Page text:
Islamic Laws

The Role of Khums in Improving the Economic Conditions of the Virtuous Community

By: Ayatullah Shaheed Sayyid Muhammad Baqir al-Hakim
Khums on profits of earnings have continually been the most important financial resource in the economic system of the virtuous community. A large variety of public and private expenses of the virtuous community depends, in essence, on these funds, especially in the field of public affairs. Besides, there are other aspects which assign an additional significance to khums in the general system of the virtuous community.
To get a good idea of the complete portrait of the hypothetical and applied functions of khums in relation to the economic conditions of the virtuous community, we will display a number of general aspects.
Khums as a Financial Resource
Khums, along with properties for public and restricted use endowed as waqf, largely represent the main financial resources on which the general system of the virtuous community depended, especially after the doors were blocked to other financial resources, including zakat which was paid to the ruling authorities or to needy people directly, tributes which were seized by the ruling authorities, and other public funds that found their way to the public treasury after being levied from the Muslim regions.
As has been previously maintained, no community can build its social, political and cultural structure without the existence of funds to cover its expenses. As for the virtuous community which was built by the Ahl al-Bayt (‘a), the political and social circumstances did not allow any other financial resources on which this community could depend, like common contributions or investments, because such economic activities became more of a menace and, at times, an extra economic burden that the majority of the individuals of the virtuous community, who were generally poor, would not be able to pay.
Flexibility in Khums Taxation
Khums has always been owned by the Holy Imams of the Ahl al-Bayt (‘a), or was the right of Imamate and the leadership restricted to the Imams (‘a), and they had unrestrained authority to dispose these funds. The circle of expending these funds has widened, for it includes the rights of poor Sayyids and Hashemites for whom Almighty Allah determined as compensation for zakat and alms which are prohibited for their use. These rights have been granted to these Sayyids and Hashemites because the funds were originally possessed by the Holy Imams (‘a); therefore, the Imam (‘a) is responsible for meeting any deficiency in the expenses of the Sayyids and spending the remainder of these funds on public affairs. As a matter of fact, the logic of meeting the financial needs of Sayyids from khums is that they are clean and pure funds and not excess or left over funds of people, as stated previously.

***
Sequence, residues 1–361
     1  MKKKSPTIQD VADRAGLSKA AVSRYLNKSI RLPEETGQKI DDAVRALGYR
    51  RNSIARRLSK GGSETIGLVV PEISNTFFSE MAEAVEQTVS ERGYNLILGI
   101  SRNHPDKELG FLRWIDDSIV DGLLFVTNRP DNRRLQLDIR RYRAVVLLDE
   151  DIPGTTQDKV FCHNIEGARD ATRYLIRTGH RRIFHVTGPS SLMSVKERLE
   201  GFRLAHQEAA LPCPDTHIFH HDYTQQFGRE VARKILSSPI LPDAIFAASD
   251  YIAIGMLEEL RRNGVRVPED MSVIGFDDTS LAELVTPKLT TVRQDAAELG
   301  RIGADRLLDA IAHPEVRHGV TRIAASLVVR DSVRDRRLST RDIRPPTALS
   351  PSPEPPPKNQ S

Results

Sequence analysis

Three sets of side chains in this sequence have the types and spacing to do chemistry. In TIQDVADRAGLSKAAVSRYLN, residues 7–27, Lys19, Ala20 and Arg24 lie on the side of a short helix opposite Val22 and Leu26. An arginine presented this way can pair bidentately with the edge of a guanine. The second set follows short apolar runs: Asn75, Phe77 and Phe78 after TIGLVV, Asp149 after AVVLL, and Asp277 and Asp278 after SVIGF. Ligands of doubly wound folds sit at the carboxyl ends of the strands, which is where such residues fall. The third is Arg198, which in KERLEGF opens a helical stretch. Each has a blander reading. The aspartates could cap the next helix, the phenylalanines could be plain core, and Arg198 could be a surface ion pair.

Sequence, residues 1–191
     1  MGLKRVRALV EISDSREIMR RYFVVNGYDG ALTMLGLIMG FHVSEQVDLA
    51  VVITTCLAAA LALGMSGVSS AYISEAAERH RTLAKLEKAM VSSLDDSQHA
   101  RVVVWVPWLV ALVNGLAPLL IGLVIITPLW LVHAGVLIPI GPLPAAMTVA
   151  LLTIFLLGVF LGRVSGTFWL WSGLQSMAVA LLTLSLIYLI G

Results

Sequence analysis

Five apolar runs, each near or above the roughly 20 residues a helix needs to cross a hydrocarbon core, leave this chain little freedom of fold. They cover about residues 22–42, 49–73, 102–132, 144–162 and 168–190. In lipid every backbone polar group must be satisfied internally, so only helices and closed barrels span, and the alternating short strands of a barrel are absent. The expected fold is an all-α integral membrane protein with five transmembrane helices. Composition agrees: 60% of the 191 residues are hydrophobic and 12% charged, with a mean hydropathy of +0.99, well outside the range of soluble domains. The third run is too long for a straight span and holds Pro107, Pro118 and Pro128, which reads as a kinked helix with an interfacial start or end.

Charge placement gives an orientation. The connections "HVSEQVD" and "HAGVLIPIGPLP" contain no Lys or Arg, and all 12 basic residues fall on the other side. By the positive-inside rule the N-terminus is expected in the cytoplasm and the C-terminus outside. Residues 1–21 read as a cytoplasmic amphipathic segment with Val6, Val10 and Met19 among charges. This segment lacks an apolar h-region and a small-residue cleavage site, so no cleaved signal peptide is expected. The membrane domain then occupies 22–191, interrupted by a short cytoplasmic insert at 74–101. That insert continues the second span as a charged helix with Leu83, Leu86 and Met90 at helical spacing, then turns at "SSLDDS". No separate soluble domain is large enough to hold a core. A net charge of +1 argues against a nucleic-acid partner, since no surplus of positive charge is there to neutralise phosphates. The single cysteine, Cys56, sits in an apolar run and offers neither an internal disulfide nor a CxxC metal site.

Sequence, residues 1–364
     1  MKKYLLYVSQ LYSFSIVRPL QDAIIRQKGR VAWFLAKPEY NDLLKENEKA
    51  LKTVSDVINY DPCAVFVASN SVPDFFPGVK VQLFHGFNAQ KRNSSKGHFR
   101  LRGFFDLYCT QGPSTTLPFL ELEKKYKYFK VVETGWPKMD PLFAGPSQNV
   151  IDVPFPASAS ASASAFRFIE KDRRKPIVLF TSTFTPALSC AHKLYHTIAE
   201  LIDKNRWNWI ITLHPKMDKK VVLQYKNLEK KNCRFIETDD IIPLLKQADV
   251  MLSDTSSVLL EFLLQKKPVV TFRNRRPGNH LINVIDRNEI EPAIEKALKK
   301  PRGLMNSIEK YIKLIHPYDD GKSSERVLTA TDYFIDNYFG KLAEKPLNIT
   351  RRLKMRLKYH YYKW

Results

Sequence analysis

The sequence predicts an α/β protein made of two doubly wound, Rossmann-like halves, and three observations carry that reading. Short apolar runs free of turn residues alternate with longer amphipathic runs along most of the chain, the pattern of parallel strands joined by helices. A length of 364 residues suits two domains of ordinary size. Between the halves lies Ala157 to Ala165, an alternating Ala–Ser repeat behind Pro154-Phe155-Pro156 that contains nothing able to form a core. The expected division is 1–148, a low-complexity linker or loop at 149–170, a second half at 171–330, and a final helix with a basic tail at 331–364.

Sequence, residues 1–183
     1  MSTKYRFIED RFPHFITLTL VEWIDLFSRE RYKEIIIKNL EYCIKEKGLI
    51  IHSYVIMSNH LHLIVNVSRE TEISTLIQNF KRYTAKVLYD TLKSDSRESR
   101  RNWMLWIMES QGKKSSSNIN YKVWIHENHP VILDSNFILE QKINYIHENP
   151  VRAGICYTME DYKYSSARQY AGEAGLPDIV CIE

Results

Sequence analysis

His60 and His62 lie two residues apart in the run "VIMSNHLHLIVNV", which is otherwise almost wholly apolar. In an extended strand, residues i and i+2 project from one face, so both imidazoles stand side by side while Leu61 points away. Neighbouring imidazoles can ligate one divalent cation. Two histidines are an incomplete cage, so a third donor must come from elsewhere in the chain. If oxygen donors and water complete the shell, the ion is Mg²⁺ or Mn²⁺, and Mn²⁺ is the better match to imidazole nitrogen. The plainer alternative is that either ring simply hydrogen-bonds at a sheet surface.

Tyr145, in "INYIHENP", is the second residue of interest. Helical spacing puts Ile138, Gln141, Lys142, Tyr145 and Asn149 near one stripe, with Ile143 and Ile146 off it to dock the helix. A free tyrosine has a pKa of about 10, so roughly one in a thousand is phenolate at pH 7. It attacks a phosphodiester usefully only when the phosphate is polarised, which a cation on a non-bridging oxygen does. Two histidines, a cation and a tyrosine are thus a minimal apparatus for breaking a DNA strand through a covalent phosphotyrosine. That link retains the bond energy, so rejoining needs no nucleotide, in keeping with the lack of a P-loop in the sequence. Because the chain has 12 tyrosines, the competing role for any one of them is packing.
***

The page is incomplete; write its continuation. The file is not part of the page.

The Imam (‘a), or the religious referential authority that represents him, are granted flexibility and opportunity to use these funds in various fields of public interest. The Holy Imams of the Ahl al-Bayt (‘a) confirmed this in the expenditure of khums to such a great degree that they allowed their Shi’ah to dispose the khums funds, and even give them back to their owners when interest necessitated, as is in the aforesaid narration of Abu-Sayyar Musmi’ ibn ‘Abd al-Malik.31
Expansive Financial Capacities
Because khums entails a high percentage of the totality of public wealth, it grants the the Imam (the custodian of this fund) vast financial capacity to serve Muslims and the sacred goals of the Islamic mission. Khums is levied from all essential funds that man may gain—in the words of the Holy Qur’an—minerals, earnings from diving, spoils of war and other income. Accordingly, khums is very much more important than alms and zakat because of this high percentage. The importance of khums in the profit of earnings increases when we recognize there was a general economic inclination among the Ahl al-Bayt’s followers towards commerce and agriculture. Being a vital element in khums, there was much attention paid to commerce by the Ahl al-Bayt.
Security against Enemies
Being ‘invisible funds’, according to the jurisprudential classification of funds, the payment of khums on net earnings to the Holy Imams of the Ahl al-Bayt (‘a) does not draw the attention of their enemies; therefore, it is not considered a menace that threatens the security of the Holy Imams (‘a), unlike the payment of the ‘visible funds’, such as the zakat of cattle and yields, which were usually assessed and estimated by the ruling authorities.
Additionally, earnings subject to khums was not familiar among Muslims in general; therefore, the payment of this tax to the Holy Imams (‘a) did not arouse doubts about the movement or promulgation of the concept of Imamate in the milieus of their followers. As a result, their security was maintained and dangers stemming from the process of payment and collection of these taxes avoided.
Doctrinal and Spiritual Aspects
There are some doctrinal and spiritual aspects in the process of payment and collection of khums which increases the importance of the role this tax plays in the life of the virtuous community. To put this in plain words, khums is the right of the Ahl al-Bayt (‘a); therefore, paying it manifests a belief in their right and in the fact that their rights had been violated. Likewise, it expresses loyalty to them, which includes love, affection, fulfillment of covenants and pledges made to them, and financial support.